American Law Institute – ALI – video on the Doctrine of Discovery

The ALI, the American Law Institute, has posted a video of my July 29, 2019 speech, that I delivered for the Oregon Historical Society, on the ALI webpage:
In this lecture, I speak about how the United States acquired the Oregon Country under the international law that we call the Doctrine of Discovery today and under the principles of “Manifest Destiny.”
Of course this land grab was accomplished while the United States almost totally ignored the legal and human rights, and the physical presence, of hundreds of Indian nations and hundreds of thousands of Indian peoples.
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Slavery 1619 Project – Virginia’s First Slaves: American Indians?

The New York Times Sunday magazine dated August 18 was devoted to the Times’ “1619 Project” – a look at slavery in America. This year 2019 is the 400th anniversary since the first Africans were enslaved in America when 20+ Africans were landed at the Jamestown Virginia English colony.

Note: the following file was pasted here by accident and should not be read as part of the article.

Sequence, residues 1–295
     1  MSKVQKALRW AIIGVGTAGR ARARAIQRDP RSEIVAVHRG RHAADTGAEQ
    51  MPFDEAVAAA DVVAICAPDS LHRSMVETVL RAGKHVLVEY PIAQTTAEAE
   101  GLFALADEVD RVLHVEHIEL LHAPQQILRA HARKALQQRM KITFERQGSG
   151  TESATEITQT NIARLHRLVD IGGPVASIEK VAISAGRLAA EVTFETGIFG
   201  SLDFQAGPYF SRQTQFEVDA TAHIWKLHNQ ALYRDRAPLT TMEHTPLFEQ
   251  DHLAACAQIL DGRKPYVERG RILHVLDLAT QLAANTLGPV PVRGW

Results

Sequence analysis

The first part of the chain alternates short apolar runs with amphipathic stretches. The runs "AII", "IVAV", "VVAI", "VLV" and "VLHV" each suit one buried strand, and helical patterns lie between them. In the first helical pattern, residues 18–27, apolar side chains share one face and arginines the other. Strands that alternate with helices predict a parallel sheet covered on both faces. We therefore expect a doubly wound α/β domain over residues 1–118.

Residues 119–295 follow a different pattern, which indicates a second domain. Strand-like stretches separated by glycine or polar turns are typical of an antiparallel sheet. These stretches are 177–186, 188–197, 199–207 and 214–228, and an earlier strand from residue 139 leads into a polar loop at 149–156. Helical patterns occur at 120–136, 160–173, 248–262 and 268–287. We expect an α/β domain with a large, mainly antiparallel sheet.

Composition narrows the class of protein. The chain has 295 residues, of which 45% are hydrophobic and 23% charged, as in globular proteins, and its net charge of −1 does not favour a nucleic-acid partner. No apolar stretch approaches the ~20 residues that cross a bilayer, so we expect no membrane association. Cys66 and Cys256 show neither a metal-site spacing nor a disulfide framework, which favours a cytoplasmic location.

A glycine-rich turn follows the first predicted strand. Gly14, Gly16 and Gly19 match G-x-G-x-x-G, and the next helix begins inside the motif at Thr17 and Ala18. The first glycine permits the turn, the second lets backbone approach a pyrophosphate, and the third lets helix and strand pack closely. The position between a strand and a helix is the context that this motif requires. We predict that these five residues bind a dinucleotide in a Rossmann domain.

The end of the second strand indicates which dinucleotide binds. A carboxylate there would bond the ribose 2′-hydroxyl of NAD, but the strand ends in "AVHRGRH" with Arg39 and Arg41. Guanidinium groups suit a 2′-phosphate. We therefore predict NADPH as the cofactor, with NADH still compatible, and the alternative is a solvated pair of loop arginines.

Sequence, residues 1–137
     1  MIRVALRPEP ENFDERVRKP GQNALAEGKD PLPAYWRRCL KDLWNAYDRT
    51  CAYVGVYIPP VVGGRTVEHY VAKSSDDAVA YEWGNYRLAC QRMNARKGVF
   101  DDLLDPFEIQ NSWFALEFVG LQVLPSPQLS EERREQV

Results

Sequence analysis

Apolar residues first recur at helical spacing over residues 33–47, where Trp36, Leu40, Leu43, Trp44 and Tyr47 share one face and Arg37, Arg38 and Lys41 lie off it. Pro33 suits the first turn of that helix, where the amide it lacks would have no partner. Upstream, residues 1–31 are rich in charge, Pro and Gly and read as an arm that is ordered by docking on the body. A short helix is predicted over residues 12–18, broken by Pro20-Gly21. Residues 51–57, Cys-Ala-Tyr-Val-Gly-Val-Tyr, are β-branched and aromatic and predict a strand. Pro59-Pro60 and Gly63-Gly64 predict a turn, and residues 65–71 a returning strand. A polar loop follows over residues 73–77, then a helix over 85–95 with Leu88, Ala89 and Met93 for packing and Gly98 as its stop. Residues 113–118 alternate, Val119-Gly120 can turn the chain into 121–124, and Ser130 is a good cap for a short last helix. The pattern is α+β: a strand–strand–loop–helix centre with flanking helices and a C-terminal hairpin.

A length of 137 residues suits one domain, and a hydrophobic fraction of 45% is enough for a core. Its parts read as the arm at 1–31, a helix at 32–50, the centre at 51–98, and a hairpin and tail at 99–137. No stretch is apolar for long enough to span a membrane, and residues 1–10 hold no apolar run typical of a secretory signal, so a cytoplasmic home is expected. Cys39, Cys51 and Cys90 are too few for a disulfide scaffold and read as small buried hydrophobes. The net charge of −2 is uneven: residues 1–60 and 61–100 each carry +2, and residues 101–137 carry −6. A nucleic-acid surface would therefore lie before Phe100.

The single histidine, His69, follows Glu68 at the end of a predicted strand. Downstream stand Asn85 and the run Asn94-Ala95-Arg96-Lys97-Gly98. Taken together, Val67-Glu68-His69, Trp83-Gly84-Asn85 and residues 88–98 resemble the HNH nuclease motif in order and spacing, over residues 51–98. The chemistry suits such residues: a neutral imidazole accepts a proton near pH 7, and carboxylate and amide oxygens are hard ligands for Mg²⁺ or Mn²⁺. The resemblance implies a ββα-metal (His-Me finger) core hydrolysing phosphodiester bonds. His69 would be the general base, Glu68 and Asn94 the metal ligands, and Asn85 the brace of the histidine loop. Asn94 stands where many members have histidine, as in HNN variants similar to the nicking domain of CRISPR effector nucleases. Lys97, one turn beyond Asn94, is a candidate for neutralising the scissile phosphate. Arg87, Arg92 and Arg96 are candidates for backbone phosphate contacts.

But a little known fact of American history and law is the ubiquitous physical and legal enslavement of Indian peoples over much of what is now the United States during colonial and early American times. In the Virginia colony, my research shows that the first slaves of the English colonists were local Indian peoples and then large numbers of Indians that were captured elsewhere and transported to Virginia to serve as slaves. Much of this activity appears to have occurred before Virginian planters and traders began importing Africans to be enslaved. Complicating this history is that several Indian nations and many individual Indians actively participated with the English in enslaving Indians from other tribes and transporting them to Virginia and to other American colonies.

I was asked to write a book chapter on the subject of American Indian slavery during European colonial times. You can get a free copy of the first draft of my book chapter from the Social Science Research Network:

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First Native American woman law dean to teach at Sandra Day O’Connor College of Law at ASU

First Native American female dean and prominent Indian law trailblazer to teach at ASU Law